1902? And have they not imposed this tax? Have I not heard the hon. member for Marquette (Mr. Mullins) speak sometime, somewhere, about a thing called the cattle embargo? It is perfectly true that it was not a tax, but it was the expression of the power and desire and intention of the British government to protect the industries of their own country first. What is the meaning of the three-year reservation in respect of eggs and other farm products? That brings me to what I want to say in that regard. The right hon. gentleman declares that while there is absolutely no danger from the position we are in in relation to the Import Duties Act, there is very grave danger in relation to that three-year reservation clause. But the fact is that there is no tax imposed there at all; it is purely hypothetical, purely supposititious, a figment of the right hon. gentleman's imagination, a possibility not yet brought to birth, and one that cannot be brought to birth for three years; yet even now he can hear the gates of the British market closing against Canadian trade three years hence. According to his own predictions, however, the right hon. gentleman will no doubt be in power before the three years are up, and he can stop the gates from closing; he may therefore rest in peace so far as the possibility of those purely hypothetical taxes coming into being is concerned. He tells us that there is no significance in a tax that has been actually imposed, though suspended; that has an actual existence. But there is a monumental, a terrible significance in a tax that may be imposed three years hence should the British government choose to impose it. We are endorsing a tax on food if we pass the treaty with that clause in, he says. We are doing no such thing, and the right hon. gentleman knows it. What we are endorsing is the right of Great Britain to say, "We will give you an exemption for one or two or three or four or five or ten years, just according to our own wish and determination." We are endorsing the right of Great Britain to manage her own affairs; and if she says she will give us a guarantee against the imposition of the tax for three years, we say that is good. But to say that we are endorsing the taxation of food because we admit the right of Great Britain at the end of three years to do what she can do now, tax food-that is absolutely absurd.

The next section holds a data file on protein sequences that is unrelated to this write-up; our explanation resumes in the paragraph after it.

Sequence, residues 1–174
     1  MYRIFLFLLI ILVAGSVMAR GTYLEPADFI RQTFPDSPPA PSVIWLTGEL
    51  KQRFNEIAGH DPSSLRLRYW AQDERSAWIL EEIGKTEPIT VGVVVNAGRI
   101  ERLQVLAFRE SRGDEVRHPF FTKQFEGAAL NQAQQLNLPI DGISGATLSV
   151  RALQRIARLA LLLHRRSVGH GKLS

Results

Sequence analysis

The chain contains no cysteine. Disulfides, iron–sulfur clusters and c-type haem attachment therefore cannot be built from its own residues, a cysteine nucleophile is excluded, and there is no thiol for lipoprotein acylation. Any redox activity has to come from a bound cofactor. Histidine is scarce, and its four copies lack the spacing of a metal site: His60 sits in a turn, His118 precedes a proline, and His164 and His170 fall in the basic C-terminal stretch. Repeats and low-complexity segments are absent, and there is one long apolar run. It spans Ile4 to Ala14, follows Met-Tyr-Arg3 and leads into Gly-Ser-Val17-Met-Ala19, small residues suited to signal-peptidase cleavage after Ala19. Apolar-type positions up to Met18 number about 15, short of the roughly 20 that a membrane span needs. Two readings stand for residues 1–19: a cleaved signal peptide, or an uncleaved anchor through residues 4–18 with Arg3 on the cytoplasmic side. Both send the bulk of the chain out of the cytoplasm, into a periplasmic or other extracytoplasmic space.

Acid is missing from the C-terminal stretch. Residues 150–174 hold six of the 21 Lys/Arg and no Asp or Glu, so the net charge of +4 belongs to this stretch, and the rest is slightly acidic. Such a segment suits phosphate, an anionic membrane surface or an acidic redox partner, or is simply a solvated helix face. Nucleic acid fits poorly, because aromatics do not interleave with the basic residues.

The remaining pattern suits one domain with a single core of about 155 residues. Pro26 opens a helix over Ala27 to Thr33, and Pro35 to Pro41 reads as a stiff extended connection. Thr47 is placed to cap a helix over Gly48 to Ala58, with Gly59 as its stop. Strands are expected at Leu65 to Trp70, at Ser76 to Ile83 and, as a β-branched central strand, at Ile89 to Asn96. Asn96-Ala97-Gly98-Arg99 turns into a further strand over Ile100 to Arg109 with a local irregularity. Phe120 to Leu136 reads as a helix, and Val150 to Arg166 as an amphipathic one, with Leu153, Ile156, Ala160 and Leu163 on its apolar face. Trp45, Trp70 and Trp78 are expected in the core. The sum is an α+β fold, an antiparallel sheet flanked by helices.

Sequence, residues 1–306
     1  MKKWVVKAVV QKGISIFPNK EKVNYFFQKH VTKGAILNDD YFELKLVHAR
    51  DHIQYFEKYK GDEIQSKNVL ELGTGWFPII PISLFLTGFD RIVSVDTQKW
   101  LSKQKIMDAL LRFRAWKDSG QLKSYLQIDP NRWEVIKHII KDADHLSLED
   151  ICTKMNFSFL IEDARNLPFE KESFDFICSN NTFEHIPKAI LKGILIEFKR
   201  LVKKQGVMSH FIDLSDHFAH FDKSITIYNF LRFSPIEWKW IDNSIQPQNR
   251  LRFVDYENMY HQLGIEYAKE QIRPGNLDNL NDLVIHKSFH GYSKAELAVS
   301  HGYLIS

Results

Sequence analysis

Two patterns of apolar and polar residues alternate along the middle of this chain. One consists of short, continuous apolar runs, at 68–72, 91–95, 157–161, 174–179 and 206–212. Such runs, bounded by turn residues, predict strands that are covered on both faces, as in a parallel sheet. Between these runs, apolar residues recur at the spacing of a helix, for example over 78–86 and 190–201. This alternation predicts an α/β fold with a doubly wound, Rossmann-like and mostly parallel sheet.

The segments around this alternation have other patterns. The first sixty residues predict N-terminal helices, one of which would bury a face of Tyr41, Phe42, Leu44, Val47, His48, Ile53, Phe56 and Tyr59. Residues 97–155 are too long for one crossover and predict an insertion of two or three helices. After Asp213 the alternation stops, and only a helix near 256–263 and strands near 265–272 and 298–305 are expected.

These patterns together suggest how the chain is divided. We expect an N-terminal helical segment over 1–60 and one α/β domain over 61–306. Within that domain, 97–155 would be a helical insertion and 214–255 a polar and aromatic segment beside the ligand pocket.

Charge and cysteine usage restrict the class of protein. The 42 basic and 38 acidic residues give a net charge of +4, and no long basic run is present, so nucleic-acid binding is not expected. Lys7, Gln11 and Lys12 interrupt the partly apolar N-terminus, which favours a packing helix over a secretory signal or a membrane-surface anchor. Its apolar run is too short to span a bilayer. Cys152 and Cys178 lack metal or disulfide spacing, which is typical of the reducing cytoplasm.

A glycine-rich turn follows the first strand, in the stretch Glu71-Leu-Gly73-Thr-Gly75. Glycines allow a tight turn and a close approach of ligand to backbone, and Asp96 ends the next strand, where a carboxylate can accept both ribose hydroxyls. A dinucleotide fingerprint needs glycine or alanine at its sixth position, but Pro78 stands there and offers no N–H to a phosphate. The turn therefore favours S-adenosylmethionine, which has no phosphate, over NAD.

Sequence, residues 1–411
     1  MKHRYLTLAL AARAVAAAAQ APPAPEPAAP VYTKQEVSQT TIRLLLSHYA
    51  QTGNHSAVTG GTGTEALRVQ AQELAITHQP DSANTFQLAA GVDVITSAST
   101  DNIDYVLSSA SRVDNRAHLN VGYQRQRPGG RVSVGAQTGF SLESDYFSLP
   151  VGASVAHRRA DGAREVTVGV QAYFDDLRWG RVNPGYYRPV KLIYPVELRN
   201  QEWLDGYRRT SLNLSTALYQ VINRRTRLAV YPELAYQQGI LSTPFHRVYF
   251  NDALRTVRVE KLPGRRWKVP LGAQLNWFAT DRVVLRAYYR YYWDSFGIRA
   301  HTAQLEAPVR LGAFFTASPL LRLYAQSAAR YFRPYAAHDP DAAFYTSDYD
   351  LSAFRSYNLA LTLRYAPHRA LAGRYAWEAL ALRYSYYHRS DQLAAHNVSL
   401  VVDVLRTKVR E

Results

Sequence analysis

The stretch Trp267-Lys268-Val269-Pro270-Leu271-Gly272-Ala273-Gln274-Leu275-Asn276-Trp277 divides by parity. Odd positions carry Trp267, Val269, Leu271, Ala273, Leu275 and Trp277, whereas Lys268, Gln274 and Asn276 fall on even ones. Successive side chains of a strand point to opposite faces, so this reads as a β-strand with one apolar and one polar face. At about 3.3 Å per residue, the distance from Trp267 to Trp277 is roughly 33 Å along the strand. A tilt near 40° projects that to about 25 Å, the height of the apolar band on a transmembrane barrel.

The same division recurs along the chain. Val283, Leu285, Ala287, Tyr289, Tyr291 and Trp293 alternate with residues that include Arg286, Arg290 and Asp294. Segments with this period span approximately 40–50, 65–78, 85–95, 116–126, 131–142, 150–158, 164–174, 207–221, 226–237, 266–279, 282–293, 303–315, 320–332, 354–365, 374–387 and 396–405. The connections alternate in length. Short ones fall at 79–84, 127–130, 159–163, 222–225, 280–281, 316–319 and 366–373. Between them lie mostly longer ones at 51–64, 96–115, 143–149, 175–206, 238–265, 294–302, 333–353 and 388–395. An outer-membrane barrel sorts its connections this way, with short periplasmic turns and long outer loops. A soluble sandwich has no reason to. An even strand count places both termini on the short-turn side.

May I now refer briefly to one or two other matters that have been criticized? I will take the question of "first sale" of wheat. I will not deal with that extensively; the Minister of Railways dealt with it. Accord-

ing to the right hon. gentleman the effect of the "first sale" provision is this: that the markets of the world are going to be flooded w'ith the wheat from countries other than Canada and with the surplus wheat from Canada. They will find it very difficult to answer the question of the hon. member for Long Lake (Mr. Cowan)-What markets? But leaving that aside, it is claimed that the markets of the world are to be flooded, the world price is to be depressed and, therefore, the price which the Canadian farmer will obtain in the British market will also be depressed and the farmer will be ruined. That is the first trouble. But before these words have died on our ears, another argument is presented which absolutely destroys them. It is that the result of these measures will be that food prices in Great Britain will be taxed, the price of food will go up and the poor labouring man will not be able to support himself. One fly is thrown out to the farmer and another to the labouring man in the hope that two fish may be caught. Unfortunately for those who make it, that argument is self-destructive.
The right hon. gentleman also disparaged the benefits expected to accrue from the preference on tobacco. He claimed that the duty on tobacco might be lowered to the vanishing point, and then he asked: Where does your preference go? Of course, it goes nowhere; I admit that.